Stephanie Rische

Stubbing My Toe on Grace

9 Books Every Girl Should Read November 15, 2013

Whether you’re looking for a book for a girl you love or you missed these along the way in your childhood, here are nine of my top titles for girls.


The Velveteen Rabbit by Margery Williamsgirls book1

This book offers some profound insights about how love can hurt, but how it’s also what makes you real.


“Real isn’t how you are made,” said the Skin Horse. “It’s a thing that happens to you. When a child loves you for a long, long time, not just to play with, but REALLY loves you, then you become Real.”

“Does it hurt?” asked the Rabbit.

“Sometimes,” said the Skin Horse, for he was always truthful. “When you are Real you don’t mind being hurt.”



A Wrinkle in Time by Madeleine L’Englegirls book4

I’m not sure if this is an adult book that can also be appreciated by kids or a kids book that can also be appreciated by adults, but it holds up for any age, any generation. I remember reading it and having my eyes opened to the wonder and mystery just under the surface of ordinary life. I also felt a special kinship with Meg, who doesn’t seem to fit in with her peers but finds herself uniquely equipped to deal with another world once she arrives there—a world she never even dreamed of.



The Bridge to Terabithia by Katherine Patersongirls book6

This was the first book I remember reading that didn’t have a happy ending. Although I felt indignant about it at the time, I grew to appreciate the beautiful picture of friendship painted in this book and how the characters’ grief prepared me to face my own losses.



The Secret Garden by Frances Hodgson Burnettgirls book5

This book serves as a reminder that friendship can blossom just as surely as flowers do, that miracles are possible, and that hope is worth clinging to.


“Is the spring coming?” he said. “What is it like?” . . .  

“It is the sun shining on the rain and the rain falling on the sunshine.”



Little Women by Louisa May Alcottgirls book9

I think every girl has a little bit of Meg, Jo, Beth, and Amy in her. These sisters helped me grow up and figure out who I was, and they showed me how to stay true to what I stood for.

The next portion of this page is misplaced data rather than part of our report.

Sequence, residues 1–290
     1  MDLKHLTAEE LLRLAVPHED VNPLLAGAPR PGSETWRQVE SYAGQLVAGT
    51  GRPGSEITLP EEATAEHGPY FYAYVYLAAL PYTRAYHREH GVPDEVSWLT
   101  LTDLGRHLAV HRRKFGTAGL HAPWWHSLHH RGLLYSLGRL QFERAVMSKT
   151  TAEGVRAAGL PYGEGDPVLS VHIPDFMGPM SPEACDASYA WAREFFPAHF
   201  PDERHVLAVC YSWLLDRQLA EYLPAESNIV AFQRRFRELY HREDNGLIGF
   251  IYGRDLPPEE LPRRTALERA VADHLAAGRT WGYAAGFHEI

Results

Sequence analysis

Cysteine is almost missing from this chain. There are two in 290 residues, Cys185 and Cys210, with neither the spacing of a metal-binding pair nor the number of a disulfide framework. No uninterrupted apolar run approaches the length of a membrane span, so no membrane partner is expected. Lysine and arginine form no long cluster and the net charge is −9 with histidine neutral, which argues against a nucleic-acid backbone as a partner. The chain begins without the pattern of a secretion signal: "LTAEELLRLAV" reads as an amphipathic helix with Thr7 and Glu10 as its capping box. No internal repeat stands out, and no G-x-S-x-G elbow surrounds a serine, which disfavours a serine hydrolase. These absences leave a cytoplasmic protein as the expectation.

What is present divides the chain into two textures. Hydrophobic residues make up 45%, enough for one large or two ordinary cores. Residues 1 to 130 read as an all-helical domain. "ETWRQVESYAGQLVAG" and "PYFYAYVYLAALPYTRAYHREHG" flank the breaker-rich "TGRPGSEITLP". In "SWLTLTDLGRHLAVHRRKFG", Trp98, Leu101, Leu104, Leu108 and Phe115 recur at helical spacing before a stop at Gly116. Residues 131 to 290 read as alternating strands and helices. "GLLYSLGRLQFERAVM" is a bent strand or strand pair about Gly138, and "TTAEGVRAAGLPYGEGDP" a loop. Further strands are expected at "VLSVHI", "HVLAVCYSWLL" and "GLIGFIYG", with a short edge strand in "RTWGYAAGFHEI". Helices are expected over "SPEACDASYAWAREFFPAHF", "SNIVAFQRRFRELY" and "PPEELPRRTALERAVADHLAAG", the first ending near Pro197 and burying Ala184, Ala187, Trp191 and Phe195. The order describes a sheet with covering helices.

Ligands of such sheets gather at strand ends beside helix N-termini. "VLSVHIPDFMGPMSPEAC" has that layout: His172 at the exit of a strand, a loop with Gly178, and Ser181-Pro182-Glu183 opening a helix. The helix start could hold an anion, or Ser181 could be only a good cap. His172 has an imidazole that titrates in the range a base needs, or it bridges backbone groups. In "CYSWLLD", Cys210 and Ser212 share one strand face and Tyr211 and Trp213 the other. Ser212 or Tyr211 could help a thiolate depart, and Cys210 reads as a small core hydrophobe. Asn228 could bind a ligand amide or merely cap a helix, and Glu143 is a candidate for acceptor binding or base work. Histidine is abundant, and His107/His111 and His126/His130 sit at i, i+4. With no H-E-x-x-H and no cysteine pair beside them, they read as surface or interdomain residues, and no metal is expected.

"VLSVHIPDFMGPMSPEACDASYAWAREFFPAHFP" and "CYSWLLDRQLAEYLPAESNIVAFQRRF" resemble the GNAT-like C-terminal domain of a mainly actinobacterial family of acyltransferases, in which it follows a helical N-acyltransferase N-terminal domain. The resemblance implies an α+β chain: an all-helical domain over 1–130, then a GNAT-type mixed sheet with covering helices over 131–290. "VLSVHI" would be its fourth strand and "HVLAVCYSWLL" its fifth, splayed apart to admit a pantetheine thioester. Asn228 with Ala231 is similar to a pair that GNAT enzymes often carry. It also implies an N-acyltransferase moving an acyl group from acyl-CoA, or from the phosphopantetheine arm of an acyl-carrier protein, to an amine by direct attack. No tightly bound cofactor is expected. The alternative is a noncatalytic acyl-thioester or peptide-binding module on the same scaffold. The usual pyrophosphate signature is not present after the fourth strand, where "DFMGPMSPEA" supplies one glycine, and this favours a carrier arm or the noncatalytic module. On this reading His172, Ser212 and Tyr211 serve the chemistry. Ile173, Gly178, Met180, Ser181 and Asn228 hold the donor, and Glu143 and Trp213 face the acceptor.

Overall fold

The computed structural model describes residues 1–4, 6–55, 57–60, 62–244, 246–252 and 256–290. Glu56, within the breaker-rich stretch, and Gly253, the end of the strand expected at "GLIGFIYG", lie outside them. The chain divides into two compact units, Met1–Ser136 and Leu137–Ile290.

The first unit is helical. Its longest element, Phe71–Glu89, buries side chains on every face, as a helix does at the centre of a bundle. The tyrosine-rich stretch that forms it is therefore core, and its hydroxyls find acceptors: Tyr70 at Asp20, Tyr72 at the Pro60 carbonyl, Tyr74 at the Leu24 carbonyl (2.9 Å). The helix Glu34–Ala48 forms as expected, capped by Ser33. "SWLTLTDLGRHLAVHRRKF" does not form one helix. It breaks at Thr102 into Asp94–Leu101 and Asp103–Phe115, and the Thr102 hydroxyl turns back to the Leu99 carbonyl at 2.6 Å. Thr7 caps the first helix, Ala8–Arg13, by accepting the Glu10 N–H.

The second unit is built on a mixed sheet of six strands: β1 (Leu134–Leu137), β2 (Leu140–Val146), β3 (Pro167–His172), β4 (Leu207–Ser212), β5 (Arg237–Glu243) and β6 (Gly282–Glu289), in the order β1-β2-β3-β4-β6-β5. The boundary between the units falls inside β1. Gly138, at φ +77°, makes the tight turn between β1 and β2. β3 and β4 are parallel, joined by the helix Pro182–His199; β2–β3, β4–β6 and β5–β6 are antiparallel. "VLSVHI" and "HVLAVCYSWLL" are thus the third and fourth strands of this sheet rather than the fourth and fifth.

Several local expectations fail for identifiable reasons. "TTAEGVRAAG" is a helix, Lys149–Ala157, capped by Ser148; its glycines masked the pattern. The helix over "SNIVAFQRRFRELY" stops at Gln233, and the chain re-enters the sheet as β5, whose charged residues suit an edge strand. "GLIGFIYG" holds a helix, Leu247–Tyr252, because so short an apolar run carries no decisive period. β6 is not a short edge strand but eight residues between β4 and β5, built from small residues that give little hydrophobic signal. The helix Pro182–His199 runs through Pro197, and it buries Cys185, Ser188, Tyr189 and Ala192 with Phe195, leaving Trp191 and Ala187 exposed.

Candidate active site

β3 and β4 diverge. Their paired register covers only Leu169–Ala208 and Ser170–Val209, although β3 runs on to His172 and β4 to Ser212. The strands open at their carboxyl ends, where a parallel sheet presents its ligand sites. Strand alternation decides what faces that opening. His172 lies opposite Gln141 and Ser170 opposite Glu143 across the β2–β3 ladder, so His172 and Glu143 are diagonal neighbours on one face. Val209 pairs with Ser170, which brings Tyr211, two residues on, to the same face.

Anne of Green Gables by L. M. Montgomerygirls book2

I read this series so many times the books are now practically falling apart. After I read each book as a kid, I’d give it to my grandmother (she of the red hair and the spunky personality, just like Anne) and we’d talk about it together. Looking back, I suppose it was my first impromptu book club.



Little House on the Prairie by Laura Ingalls Wildergirls book8

I must have overlooked the parts about dysentery, the lack of indoor plumbing, and the absence of central air, but I desperately wanted to go back in time so I could be Laura. This book offers a poignant snapshot of a particular era in our country’s history, and it’s rich with themes of family relationships and the tough times can help us learn and grow.


“There’s no great loss without some small gain.”


girls book 3

Pippi Longstocking by Astrid Lindgren

This book is pure fun. My sister and I loved wearing colorful stockings and putting our hair in pigtails, Pippi style.



Winnie the Horse Gentler by Dandi Daley Mackallgirls book7

This book came into my life when I was an adult, like a long-lost friend, but it’s a story every girl should read. Horse lover or not, every girl will connect with the ups and the downs of being a kid, the longing for friendship, and the way the funny moments of life weave together with the more serious ones.